Many perennial grass species have been introduced to Australia since 1788. Some species have adverse impacts on biodiversity and agriculture and are recognised as weeds.
Some introduced grasses, such as serrated tussock and Chilean needlegrass, are recognised as Weeds of National Significance. Many others have been listed in regional weed strategies as threats to biodiversity.
Why are introduced perennial grasses a threat?
Features of introduced perennial grasses include:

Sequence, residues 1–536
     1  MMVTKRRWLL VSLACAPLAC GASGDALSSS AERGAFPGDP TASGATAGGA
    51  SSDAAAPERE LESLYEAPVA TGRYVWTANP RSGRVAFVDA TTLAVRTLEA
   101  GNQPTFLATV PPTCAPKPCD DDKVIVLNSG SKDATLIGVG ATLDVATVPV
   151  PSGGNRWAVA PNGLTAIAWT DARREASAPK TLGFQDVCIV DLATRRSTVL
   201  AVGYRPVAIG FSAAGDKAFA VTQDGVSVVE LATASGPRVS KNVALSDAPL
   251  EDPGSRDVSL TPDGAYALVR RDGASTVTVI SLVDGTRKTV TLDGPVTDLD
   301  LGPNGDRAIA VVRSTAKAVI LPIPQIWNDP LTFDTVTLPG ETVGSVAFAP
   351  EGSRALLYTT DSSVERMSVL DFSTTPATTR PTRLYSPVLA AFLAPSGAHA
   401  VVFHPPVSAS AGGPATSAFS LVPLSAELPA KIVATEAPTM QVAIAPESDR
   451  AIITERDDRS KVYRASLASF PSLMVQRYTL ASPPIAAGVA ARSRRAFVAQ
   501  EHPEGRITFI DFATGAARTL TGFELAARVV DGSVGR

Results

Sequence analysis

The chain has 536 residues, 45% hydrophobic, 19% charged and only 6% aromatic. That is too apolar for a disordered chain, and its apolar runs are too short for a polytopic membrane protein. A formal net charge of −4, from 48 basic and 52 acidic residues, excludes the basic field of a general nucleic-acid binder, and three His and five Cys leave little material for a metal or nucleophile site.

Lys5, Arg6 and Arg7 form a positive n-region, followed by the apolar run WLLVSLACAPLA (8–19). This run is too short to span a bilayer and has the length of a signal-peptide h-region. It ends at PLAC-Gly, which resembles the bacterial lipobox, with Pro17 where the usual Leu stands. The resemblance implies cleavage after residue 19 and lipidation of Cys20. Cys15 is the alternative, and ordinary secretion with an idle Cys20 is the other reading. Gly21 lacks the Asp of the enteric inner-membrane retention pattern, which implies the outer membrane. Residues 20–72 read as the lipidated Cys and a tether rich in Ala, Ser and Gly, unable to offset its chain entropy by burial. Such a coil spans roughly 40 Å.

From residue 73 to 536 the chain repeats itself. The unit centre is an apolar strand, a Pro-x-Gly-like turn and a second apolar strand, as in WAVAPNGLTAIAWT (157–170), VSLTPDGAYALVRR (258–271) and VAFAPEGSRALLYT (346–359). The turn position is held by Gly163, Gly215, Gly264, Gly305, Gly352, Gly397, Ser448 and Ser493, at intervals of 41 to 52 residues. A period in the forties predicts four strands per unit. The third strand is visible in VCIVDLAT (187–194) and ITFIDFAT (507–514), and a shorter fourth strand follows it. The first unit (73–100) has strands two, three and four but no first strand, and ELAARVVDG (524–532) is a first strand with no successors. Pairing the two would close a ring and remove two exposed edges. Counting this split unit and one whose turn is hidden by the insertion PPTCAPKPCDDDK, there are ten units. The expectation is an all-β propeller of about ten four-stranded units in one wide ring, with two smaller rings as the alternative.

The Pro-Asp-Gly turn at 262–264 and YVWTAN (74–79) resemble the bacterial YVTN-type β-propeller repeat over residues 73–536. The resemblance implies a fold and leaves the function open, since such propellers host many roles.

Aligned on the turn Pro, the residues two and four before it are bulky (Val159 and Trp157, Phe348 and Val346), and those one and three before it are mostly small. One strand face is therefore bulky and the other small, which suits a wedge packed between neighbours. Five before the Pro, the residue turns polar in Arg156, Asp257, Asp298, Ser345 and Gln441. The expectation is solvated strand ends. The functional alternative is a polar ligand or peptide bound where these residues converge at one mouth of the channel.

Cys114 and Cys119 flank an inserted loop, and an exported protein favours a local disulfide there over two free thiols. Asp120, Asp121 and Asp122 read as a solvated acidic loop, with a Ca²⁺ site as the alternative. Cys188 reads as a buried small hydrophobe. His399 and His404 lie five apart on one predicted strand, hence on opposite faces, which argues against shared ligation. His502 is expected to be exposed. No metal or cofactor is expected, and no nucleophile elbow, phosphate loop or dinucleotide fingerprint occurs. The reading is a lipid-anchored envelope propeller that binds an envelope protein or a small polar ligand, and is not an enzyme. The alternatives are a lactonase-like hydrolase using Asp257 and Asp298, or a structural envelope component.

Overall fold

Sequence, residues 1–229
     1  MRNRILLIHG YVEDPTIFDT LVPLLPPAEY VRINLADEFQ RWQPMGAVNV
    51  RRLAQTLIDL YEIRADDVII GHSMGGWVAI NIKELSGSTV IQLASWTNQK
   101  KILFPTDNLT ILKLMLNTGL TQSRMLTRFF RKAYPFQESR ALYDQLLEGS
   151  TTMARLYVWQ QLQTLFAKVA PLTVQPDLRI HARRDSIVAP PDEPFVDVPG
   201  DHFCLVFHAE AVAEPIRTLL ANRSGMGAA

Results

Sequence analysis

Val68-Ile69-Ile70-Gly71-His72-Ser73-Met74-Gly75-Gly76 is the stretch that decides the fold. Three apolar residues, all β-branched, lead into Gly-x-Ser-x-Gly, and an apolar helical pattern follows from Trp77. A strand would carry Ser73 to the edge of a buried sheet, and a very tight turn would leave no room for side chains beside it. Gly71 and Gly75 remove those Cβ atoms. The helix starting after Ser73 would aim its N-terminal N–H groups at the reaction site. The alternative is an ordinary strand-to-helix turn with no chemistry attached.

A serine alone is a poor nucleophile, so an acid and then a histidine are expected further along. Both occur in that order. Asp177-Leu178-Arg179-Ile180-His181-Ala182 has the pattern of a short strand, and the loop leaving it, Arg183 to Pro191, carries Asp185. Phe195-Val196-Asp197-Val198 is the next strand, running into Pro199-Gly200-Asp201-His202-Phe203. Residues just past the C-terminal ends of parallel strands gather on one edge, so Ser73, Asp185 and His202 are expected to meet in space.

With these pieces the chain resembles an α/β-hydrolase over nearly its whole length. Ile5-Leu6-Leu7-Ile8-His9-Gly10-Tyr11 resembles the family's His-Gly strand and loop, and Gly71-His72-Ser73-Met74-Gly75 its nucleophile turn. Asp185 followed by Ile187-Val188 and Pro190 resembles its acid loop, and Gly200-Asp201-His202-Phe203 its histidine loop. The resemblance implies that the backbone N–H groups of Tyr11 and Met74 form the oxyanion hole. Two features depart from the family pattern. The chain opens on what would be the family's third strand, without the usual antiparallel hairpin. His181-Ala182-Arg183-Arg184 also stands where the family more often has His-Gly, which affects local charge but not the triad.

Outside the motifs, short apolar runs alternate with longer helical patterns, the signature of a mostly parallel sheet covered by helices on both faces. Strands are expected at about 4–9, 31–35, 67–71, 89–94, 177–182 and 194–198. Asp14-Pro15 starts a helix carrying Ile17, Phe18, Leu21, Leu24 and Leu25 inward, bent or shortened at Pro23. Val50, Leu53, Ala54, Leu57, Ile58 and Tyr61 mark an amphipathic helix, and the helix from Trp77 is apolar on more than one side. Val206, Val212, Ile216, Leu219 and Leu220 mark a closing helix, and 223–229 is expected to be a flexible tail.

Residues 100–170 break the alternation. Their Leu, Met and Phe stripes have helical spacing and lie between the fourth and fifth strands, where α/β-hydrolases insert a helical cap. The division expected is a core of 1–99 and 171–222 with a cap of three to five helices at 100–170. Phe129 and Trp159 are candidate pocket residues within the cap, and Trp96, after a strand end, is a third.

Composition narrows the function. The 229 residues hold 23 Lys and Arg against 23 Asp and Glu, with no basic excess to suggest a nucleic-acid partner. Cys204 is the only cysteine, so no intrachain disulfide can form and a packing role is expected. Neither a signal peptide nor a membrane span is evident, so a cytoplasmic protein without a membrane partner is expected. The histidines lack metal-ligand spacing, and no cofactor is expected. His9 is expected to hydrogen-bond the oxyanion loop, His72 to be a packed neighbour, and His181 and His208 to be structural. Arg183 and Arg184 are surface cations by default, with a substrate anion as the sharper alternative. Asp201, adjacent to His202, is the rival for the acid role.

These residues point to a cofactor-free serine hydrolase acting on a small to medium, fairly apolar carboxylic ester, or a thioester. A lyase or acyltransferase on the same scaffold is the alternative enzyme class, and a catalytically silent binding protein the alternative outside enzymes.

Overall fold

- vigorous growth
- prolific seed production
- effective seed dispersal.
These characteristics enable many exotic grasses to compete strongly with, or even displace, native vegetation. Exotic perennial grasses may also change the fuel load in plant communities. The changed structure and fire regime of the habitat is likely to have a negative impact on both native animals and insects.
In September 2003 the NSW Scientific Committee made a final determination to list the 'invasion of native plant communities by exotic perennial grasses' as a key threatening process (KTP) in NSW.